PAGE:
Baruch sports cancelled (again): Winter sports latest victim of COVID-19

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Denis Gostev | Baruch Athletics

Kyle McKee

On Nov. 24, the City University of New York Athletic Conference and the Athletic Directors officially announced that all winter intercollegiate sports competition for the 2020-21 season will be canceled.

“The decision to cancel our Winter sports season took many, many hours of deliberation. The engagement with the CUNYAC Medical Advisory Group was insightful and while the decision is disappointing, our highest priority must be to the health and safety of our student-athletes, coaches, their families and the community. The loss of the opportunity to represent Baruch as a Bearcat is notably felt by all our student-athletes. The pandemic has shifted many a mindset and we have to stay strong and believe we will be back out there when the time is right,” Heather Mac Culloch, the Director of Baruch College Athletics and Recreation, said in a statement.

With the current situation regarding COVID-19 in the United States worsening daily, it was inevitable that the CUNYAC would make this tough decision.

Baruch basketball for both men and women, as well as Baruch’s swimming and diving teams are the winter sports teams that have been affected because of the cancellation.

“I mean it’s brutal not being able to play or see your friends and coaches. Usually, by now we would’ve been playing games and now we’re all just at home wondering what if,” said Jack Reese, a sophomore on the men’s basketball team. “I definitely feel for the seniors who have to make a decision to graduate and move on from Baruch or try to balance classes in a way to squeeze another basketball season out. It’s just brutal for everyone.”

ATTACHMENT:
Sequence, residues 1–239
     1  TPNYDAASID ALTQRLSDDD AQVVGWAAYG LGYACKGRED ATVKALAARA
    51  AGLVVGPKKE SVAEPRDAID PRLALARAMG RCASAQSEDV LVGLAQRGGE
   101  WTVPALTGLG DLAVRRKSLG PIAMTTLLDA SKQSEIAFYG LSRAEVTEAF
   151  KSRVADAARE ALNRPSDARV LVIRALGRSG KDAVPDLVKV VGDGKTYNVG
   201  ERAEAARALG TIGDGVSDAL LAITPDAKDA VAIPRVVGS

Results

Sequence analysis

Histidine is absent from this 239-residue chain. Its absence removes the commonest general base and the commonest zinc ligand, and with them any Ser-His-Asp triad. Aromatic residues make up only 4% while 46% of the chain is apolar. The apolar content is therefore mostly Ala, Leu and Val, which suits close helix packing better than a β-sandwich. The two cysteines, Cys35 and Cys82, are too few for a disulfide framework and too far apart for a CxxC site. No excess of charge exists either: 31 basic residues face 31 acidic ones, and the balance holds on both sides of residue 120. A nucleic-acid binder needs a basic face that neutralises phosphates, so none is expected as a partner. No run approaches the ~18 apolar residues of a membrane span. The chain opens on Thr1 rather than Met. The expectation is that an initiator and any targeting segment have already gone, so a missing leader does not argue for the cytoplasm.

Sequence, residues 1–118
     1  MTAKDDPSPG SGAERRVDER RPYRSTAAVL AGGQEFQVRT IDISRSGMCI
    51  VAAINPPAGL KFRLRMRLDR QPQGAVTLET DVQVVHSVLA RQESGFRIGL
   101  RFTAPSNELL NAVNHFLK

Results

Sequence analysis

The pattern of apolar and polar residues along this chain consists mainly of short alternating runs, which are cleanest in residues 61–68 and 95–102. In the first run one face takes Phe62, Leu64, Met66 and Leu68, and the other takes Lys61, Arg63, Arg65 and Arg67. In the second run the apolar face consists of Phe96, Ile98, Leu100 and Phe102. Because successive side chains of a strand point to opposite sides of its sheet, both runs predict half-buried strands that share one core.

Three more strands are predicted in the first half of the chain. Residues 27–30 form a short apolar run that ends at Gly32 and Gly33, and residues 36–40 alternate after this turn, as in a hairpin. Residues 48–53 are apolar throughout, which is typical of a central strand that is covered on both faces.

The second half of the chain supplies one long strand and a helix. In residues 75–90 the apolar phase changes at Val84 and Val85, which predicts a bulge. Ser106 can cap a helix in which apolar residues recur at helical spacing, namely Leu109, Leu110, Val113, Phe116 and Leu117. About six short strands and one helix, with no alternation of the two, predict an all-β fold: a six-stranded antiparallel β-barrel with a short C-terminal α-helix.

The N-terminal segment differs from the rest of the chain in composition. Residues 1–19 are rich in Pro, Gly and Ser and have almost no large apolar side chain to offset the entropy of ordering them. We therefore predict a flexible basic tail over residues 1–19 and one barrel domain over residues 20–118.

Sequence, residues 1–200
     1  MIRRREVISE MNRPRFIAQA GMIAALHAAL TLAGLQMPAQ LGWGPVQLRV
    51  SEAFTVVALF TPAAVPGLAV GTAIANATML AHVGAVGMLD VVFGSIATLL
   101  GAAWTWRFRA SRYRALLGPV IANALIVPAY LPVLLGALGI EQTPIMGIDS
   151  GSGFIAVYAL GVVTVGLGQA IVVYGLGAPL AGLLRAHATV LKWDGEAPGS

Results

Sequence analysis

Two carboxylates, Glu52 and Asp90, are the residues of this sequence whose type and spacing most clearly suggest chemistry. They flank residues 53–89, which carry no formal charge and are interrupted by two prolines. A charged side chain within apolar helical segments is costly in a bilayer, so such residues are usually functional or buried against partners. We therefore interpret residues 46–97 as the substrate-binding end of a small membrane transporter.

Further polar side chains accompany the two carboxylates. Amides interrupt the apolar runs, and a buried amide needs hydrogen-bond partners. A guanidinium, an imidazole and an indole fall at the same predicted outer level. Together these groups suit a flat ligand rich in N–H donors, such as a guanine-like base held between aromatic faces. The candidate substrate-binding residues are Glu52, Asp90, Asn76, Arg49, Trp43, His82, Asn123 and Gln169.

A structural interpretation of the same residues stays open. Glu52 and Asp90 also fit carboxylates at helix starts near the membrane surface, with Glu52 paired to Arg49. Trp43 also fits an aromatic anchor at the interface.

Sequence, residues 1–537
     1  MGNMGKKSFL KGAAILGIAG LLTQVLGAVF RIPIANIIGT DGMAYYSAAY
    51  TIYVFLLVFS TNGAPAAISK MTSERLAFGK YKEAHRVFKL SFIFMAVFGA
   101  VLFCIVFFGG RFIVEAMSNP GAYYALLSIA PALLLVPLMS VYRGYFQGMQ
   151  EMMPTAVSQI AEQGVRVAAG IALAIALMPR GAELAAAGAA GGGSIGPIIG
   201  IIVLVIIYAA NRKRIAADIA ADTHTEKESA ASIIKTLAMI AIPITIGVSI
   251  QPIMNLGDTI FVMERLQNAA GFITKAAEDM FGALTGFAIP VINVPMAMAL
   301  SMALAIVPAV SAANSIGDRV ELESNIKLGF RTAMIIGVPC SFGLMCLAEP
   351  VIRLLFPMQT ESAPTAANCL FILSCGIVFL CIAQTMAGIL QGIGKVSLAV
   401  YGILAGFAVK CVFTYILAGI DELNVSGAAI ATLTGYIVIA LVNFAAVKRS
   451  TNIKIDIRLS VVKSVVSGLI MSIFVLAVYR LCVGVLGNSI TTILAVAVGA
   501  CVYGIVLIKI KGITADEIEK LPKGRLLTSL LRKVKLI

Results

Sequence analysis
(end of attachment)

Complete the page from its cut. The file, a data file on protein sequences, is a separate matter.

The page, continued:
In response to the cancellation of the winter sports, the NCAA approved a blanket waiver for Division III student-athletes to be granted an extra year of eligibility, without being charged for their lost seasons. With that being said, the NCAA has yet to cancel the winter sports championships for Division III.

Although it remains to be seen if spring sports such as baseball and softball would be canceled by CUNYAC, if the current trend concerning the coronavirus continues into the spring, those sports would likely be canceled by CUNYAC as well. According to the NYC Health, since the start of September, the number of COVID-19 cases on a seven-day average has increased from about 208 cases during the week of Sept. 6 to 1,507 cases during the week of Nov. 25. Additionally, the rate of New York City residents who have tested positive for the coronavirus reached 2.31% in early November, the highest percentage since June.

While it could be argued that as difficult as it was for everyone involved, the cancellation of winter sports was the most sensible decision to make. It showed that the health and safety of the student-athletes took precedence over sports.